How to grow Pelargonium peltatum, the «ivy geranium»
One of the most popular of the Pelargonium family would have to be the more commonly known, Ivy Geranium. This specie offers a long lasting, colorful floral display for just a modicum of effort. Keen gardeners love this attribute!
With light green succulent type leaves, Ivy Geraniums are especially favored for an abundant flowering habit throughout the warmest months of the year.
Where to plant?
Ivy Geraniums thrive best in a mostly sunny position, with a well-drained soil. Light or dappled shade, during the hottest part of the day will help to maintain color intensity.
How to use Ivy Geraniums in my garden?
- Against a screen or trellis:
Just perfect for Ivy Geraniums! Some varieties will grow, potentially to approx 5 ft high (1.5 meters). Tie to trellis or lattice backdrop with lengths of twine or plastic ties, where needed. In windy zones this will save new growth from becoming dislodged.
- Try hanging baskets and containers:
With a quality potting mix , Ivy Geranium will make for a very attractive hanging basket or container plant . Water as needed, and keep dead-heading spent flowers to promote further flowering.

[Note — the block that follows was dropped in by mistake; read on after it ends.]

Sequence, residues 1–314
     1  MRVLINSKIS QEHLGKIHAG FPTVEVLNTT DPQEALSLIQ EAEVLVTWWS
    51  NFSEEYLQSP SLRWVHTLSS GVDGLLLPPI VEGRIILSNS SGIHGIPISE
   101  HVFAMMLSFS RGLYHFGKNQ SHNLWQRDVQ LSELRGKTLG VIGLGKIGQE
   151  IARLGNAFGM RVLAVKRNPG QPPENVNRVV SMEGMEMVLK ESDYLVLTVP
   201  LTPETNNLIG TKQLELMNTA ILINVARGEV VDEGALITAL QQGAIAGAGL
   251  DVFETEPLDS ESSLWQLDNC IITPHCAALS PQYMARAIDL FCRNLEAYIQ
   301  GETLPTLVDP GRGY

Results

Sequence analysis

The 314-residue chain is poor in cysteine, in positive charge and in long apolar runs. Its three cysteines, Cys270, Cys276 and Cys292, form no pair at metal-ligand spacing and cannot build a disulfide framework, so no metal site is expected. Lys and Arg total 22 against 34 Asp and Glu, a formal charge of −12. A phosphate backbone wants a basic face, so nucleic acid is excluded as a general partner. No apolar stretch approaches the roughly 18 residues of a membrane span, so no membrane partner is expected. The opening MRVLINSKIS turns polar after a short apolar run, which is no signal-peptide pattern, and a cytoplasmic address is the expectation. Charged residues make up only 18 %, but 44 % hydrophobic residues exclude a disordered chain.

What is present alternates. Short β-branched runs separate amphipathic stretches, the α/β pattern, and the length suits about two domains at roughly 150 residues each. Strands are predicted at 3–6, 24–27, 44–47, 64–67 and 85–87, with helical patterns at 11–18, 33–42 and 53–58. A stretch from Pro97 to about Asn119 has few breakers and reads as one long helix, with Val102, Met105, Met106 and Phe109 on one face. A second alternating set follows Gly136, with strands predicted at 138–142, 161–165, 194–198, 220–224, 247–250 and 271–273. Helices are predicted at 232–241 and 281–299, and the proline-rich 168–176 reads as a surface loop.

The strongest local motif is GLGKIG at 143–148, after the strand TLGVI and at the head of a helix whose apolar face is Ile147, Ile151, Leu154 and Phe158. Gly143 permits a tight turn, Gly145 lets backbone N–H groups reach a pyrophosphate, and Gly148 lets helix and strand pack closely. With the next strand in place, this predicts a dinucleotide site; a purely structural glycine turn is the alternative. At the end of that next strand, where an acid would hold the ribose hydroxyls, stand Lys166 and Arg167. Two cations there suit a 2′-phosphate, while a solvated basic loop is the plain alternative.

Planting two or three different colored, compact growing varieties, to each basket or container will make for a fabulous floral display.
- As a ground-cover:
Ivy Geraniums look just as wonderful romping over level ground, or trailing down over sloping land. Again, go for a few different colors and wait for a magic landscape.
While these plants are considered «self-cleaning» i.e the flowering stem will over time, deplete itself and eventually drop off, saving the need to dead-head. In large scale areas that may also be inaccessible, this is a definite plus.
These plants will respond well to a light foliar feed every few weeks, noting that over-feeding will only promote more foliage, rather than flowers.
Do I need to prune?
Cut back only where needed to define shape, or confine to a limited space.
Propagating new Ivy Geranium plants:
Cuttings can be potted up and used to propagate new plants easily.
With a cutting taken just below a leaf node, approximately 6 inches (15 cm), remove all but a few of the top leaves and dip the base of the stem into some rooting-hormone powder or gel medium.
Plant cuttings into an open potting medium, and keep «just moist» to establish.